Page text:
This budget was a clear statement of this government’s priorities. Out of the budget’s 382 pages, the word “disability” appears only 10 times, and “developmental services” only once. While programming for children with disabilities and autism did receive some attention, adult services were all but absent. In particular, no information was provided as to whether sustainability funding granted by the Liberals in their pre-election budget in 2018 will be annualized as intended, nor whether any other cuts to funding are planned. As we are already well into the first month of the fiscal year 2019-2020, the precarity of supports and the developmental services system as a whole is being felt province-wide.
Finding Efficiencies and Streamlining Transfer Payment Processes
Here’s what we know: Consistent with the messaging of the Ernst & Young Line-by-Line Review, the budget indicates that the government will target “efficiencies” in the children’s and social services sector through the integration of human service programs, streamlining of transfer payment processes, transformation of services to increase choice for individuals and families and evidence-based sector transformation, including developmental services, “special needs” and early intervention programs. While the implications of these proposed changes are far from clear, given recent reforms in autism services and health, we expect that this may signal increased pressure for mergers, amalgamations and administrative services sharing for efficiencies, as well as changes for agencies acting as eligibility and assessment gateways for services and funding, such as Developmental Services Ontario (DSO) agencies.
Increased Focus on Direct Funding
The buzz words of “increased choice” and “streamlining transfer payments,” together with the recent changes in autism services, may also signal an increased focus on direct funding.
For people and families, the move towards direct funding could mean an increased likelihood of paying for private supports in the future and potentially becoming the “employer” of a private support worker. Learn more about paying private workers here.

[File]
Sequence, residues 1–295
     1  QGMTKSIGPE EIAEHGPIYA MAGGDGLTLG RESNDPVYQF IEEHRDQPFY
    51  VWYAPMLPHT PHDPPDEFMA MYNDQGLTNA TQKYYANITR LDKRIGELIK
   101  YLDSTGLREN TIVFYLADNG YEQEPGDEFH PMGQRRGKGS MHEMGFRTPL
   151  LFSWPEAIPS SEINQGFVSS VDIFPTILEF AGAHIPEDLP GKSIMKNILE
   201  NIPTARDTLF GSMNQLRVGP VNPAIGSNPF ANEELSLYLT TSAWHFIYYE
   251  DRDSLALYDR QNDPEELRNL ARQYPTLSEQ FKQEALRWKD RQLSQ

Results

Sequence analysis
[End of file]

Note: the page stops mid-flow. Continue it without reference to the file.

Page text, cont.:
For direct service agencies that have previously relied on annualized base funding, this is further indication that a fee-for-service based offering will continue to be an important avenue for ensuring long term sustainability. Fee-for-service arrangements typically require increased flexibility in staffing on evenings and weekends, as well as a departure from typical fixed schedules to which full-time and even part-time staff may be accustomed, or to which staff may have a right under collective agreements in unionized environments.
Direct funding also means an increased likelihood of competition for services in the community, and potentially from an agency’s own employees. Since the introduction of Passport Funding more than 10 years ago, PooranLaw has been working with agencies and families to develop frameworks for the brokering of funds and the engagement of workers. Issues affecting families and agencies alike include the appropriate characterization of private workers, agency workers moonlighting privately with families, conflicts of interest, and ensuring healthy and safe support relationships for all stakeholders. Clear policies and service agreements are important tools for preventing disputes with staff, people supported, their families and other stakeholders.
For more information on how the budget and anticipated changes to law and government policy may impact your organization, please contact Cheryl Wiles Pooran at firstname.lastname@example.org
A full text of the budget may be accessed here.
 Employment Standards Act, 2000, S.O. 2000, c. 41